by Brendan James
A product of Peter Thiel’s fellowship program for young entrepreneurs:
The big idea is to make caffeine palatable to people who get the jitters from coffee and energy drinks. Four sprays, the recommended dose, has less caffeine than a cup of coffee, Yu says. Since it’s applied to the skin, it’s absorbed steadily, avoiding the rush and the crash of a strong cup of joe. Yu’s father, who has a Ph.D. in bioorganic chemistry and owns his own lab in China, helped develop it.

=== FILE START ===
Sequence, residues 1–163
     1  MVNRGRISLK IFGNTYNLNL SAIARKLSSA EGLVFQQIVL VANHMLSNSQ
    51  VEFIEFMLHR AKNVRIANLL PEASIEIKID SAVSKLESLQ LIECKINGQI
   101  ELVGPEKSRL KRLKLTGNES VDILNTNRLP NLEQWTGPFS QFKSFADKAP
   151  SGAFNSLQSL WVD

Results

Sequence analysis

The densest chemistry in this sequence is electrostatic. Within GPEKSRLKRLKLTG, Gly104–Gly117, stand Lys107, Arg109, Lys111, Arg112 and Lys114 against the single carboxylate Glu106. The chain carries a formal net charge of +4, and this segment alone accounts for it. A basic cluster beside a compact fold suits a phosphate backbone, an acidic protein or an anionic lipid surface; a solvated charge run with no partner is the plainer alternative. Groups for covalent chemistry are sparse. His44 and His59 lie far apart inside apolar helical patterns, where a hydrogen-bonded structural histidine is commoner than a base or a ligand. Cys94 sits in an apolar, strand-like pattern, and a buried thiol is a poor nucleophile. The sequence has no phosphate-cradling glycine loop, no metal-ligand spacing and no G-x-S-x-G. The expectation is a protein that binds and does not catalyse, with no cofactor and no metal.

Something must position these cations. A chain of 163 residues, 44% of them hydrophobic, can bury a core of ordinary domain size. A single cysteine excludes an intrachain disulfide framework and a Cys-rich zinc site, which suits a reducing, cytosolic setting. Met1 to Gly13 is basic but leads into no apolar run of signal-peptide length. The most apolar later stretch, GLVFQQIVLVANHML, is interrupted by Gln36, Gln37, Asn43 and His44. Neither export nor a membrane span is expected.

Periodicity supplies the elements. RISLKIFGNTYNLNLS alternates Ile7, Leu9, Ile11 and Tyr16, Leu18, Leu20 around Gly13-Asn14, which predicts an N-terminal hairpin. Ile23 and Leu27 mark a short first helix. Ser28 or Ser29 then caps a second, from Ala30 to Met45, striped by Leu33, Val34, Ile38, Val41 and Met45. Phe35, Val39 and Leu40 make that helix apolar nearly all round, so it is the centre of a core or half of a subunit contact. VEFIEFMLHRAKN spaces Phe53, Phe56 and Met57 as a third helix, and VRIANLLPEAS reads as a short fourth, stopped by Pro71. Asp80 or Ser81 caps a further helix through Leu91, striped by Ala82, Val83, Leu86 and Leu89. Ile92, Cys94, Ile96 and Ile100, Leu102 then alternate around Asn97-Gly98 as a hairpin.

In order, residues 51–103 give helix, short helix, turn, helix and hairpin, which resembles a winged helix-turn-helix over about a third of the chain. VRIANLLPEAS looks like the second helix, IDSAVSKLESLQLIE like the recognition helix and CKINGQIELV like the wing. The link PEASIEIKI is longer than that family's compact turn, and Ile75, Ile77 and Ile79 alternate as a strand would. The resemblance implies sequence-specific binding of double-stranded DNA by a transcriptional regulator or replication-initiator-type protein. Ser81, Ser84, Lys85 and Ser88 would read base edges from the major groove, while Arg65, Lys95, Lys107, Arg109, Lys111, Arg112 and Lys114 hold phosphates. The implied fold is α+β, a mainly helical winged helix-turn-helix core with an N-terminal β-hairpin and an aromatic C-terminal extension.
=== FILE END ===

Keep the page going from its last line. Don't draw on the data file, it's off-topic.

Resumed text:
Sprayable isn’t the first business to market atomized caffeine, though Yu notes the others are meant to be sprayed into the mouth, requiring significantly more caffeine. To allay safety concerns, Yu, who uses his product regularly, says he’s tested it on hundreds of people without negative reactions. Drinking it is an explicit no-no, and Yu notes that because of caffeine’s bitterness, it would “probably be more pleasant to eat a cockroach.”